Stephanie Dawn Clark
4 min readJun 22, 2022


The revelations of the narcissistic tendencies of both our modern culture and my mother arrived close together. It seems that I needed to see the first to be able to see the second.

After decades of doing what I was told, checking all the boxes for a successful life — good degree, good job, good marriage, good body, good friends, good money — I was devastated to find I was not happy. None of these things made me happy. I became disillusioned, literally.

At first, I looked outwards, back at the culture whose standards I was trying to live up to. I began to question why I had all this money, all these beautiful conveniences if they did not make me happy. I began to wonder if I could spend my time and energy on things that filled me instead of feeling victimized. I began to experiment with letting go of some of these standards, in search of something deeper and more fulfilling. In search of something to fill the hole inside me.

At first the hole grew into a chasm — the distance between my similarly indoctrinated husband and I. He was not disillusioned, not questioning, not experimenting. We tried many times to bridge that chasm, until finally, I gave up. I could feel truth waiting for me further up the road, so I eventually let him go.

And that was when I began to see that it wasn’t just society that had indoctrinated me. My mother, my lifelong hero and closest friend, inexplicably began to gaslight me about ending my marriage.

One day she wondered aloud how I would be able to take care of myself without a man. She projected her own fears, her own disappointments onto me, without being able to see it, much less take responsibility for it. Once again I found myself feeling devastated. Disillusioned.

Wasn’t this the woman who had raised me to be independent and courageous? Who had herself made this same choice when she divorced my dad? Who still longed to make this choice for herself with my stepfather?

I began to distance myself from her as I found my own way, continuing to shed the beliefs I’d inherited from both society and her. I began then to examine my privilege, to realize that all that money had been accumulated at the expense of other humans and the planet. I saw that most of my relationships were shallow and transactional and I longed for deeper connection and community. I began to learn about the narcissism spectrum that we all exist on.

I could easily see the narcissistic tendency of our modern culture reflected in the hyper-focus on individualized desires at the expense of the collective. The unwillingness to see a bigger picture, to individually use less resources, to have a long term vs. short term view. To see that my needs are no more important than yours.

I realized that I could no longer participate in the systems that I’d once perpetuated. Taking more than I needed, without sacred reciprocity. I had already quit my corporate job, so I exited the stock market, bought land to create a regenerative farm, and began widening the lens of my perspective to include more and more beings in the more-than-human world. I tried to allow everyone to have their own journey, but my mother became more and more alarmed as I continued mine. Even as my fulfillment blossomed.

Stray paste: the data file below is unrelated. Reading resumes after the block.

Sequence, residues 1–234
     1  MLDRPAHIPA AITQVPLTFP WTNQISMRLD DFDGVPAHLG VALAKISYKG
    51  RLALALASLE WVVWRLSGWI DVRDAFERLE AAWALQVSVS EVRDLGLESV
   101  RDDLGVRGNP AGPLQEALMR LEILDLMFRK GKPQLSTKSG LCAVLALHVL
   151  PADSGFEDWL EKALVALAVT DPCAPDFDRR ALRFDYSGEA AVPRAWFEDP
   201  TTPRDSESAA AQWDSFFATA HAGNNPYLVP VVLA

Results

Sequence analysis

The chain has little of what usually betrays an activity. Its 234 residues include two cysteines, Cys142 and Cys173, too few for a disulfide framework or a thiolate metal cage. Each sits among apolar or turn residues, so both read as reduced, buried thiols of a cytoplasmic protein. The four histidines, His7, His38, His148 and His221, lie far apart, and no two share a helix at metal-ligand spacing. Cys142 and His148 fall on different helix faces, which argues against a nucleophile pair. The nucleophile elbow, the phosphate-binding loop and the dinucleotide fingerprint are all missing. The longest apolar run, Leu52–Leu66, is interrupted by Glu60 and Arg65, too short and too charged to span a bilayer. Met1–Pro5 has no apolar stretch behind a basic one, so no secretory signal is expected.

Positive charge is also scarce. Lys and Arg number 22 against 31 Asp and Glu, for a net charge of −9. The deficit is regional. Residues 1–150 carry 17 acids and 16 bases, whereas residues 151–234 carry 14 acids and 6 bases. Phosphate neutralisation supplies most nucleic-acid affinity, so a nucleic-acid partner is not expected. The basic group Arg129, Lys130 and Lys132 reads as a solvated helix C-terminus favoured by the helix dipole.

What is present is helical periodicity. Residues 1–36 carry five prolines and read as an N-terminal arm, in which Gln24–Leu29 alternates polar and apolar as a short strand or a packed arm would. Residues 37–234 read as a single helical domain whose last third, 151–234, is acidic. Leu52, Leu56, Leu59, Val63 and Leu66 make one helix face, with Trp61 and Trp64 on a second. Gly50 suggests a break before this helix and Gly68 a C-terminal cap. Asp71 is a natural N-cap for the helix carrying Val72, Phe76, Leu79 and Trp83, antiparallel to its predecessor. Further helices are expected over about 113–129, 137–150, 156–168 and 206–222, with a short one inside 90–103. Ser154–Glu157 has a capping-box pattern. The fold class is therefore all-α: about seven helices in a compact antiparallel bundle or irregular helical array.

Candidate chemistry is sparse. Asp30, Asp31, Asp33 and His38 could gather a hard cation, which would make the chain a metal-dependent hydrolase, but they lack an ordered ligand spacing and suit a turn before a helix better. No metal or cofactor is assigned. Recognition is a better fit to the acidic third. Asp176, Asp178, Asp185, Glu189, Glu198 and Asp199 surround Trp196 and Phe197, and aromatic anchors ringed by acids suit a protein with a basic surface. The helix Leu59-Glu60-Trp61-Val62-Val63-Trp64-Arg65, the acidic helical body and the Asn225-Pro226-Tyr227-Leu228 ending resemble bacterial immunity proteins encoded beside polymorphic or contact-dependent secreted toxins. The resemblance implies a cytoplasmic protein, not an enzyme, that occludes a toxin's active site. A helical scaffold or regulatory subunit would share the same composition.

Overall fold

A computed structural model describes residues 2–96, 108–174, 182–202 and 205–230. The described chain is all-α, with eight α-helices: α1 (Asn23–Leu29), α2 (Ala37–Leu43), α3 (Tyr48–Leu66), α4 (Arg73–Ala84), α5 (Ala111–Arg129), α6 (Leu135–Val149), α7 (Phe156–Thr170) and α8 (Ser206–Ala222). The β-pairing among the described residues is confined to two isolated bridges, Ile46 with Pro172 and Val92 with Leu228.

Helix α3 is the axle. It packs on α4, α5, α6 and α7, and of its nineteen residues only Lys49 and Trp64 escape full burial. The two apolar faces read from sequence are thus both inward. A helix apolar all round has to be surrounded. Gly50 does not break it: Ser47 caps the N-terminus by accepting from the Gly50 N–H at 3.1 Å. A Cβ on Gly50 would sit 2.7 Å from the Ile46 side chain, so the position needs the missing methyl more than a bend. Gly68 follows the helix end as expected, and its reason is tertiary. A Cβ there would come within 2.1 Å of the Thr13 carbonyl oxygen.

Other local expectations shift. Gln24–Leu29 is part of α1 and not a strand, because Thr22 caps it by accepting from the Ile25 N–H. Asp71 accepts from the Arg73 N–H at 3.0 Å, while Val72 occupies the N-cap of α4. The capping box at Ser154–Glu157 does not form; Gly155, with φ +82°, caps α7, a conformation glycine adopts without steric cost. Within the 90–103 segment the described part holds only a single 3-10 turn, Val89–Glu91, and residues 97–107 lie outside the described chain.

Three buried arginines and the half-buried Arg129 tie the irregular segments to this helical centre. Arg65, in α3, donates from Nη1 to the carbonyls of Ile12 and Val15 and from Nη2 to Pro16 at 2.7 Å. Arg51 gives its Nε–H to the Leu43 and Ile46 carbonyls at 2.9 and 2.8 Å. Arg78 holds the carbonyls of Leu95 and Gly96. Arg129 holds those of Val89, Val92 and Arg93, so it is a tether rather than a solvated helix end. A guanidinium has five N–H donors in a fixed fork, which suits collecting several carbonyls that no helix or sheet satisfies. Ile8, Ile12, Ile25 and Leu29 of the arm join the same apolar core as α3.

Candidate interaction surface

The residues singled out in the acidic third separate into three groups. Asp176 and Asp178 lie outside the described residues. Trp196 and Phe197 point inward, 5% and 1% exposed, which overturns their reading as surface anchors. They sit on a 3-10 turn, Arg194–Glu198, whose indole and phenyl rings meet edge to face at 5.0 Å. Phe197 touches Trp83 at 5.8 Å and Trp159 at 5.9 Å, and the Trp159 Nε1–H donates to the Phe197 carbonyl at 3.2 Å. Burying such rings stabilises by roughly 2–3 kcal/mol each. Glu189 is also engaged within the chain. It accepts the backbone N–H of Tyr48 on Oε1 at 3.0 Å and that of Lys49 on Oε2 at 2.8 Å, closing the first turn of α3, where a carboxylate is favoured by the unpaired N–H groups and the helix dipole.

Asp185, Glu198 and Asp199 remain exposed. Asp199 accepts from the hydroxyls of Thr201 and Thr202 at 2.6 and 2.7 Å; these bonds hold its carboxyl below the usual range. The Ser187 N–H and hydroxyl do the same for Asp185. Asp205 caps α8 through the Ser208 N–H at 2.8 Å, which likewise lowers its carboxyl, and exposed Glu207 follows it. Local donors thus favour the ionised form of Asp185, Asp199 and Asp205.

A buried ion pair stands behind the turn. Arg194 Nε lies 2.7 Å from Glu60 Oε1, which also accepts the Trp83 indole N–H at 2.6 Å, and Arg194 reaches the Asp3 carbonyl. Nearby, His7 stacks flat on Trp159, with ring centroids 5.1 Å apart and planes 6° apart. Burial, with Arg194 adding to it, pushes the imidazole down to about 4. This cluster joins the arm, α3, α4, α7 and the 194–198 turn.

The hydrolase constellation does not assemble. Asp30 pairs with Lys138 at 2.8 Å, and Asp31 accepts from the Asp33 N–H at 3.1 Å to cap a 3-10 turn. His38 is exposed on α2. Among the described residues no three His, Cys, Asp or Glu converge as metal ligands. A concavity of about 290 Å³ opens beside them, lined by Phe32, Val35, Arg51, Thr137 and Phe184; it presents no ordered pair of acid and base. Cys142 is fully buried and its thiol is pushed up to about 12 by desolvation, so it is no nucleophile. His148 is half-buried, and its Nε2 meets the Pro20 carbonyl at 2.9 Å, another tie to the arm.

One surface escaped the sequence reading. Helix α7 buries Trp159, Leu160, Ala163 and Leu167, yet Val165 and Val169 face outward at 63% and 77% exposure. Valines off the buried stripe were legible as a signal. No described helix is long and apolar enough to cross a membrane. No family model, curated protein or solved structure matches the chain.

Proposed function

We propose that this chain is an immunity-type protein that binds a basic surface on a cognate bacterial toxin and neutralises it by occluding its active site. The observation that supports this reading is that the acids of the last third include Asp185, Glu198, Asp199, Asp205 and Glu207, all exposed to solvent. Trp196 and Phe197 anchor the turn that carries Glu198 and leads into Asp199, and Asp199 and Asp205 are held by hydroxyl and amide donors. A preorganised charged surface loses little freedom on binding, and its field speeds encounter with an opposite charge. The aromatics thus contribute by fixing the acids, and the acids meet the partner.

Something clicked in me one day during a phone conversation with her when I was explaining again the boundary I’d previously set in talking about my ex-husband, who had become her close friend. I realized in that moment that she didn’t care about my boundaries and would never honor them. I told her that I needed to take a break from our relationship for awhile to do some personal healing and I haven’t spoken to her since.

Revelations come when we are ready. I was finally ready to see the full extent of my mother’s narcissistic tendencies. A few days later while reading an article, I realized her limitations and deeper truths about the nature of my lifelong relationship with her. I saw the arc of my relationship with her with fresh eyes — how she has never seen me as a sovereign being-only as an extension of herself. How she is incapable of taking responsibility for manipulative behavior. How she is the product of unhealed trauma and unquestioned societal beliefs and I almost was too. I grieved the delusions of my childhood as well as the trauma that created this wounding in her. At least I am now aware of the wounding in me.

There is a common belief that pathological narcissism is incurable. The challenge in healing narcissism is that most narcissists don’t want to change. Their worldview is a protection mechanism against vulnerability. It protects them from feeling the pain of the consequences of their behaviors because they blame everyone else for them.

If this is true, it is unlikely that my mother will ever wake up and realize her deep self-absorption, that she will take responsibility for healing her wounding. And if this is true about my mother, then it might also be true for our collective culture. How do we wake up from a fatal dream when we do not even realize that we are dreaming?

I love my mother. But I can no longer participate in a relationship with her, just as I can no longer participate in the culture in which I was raised. I can only trust that by using my power to transform my individual participation, my own waking from the fatal dream, that I transform the dream of the collective.



Stephanie Dawn Clark

I am a Capacity Coach who helps pioneers of the new paradigm courageously make their unique contribution in this lifetime.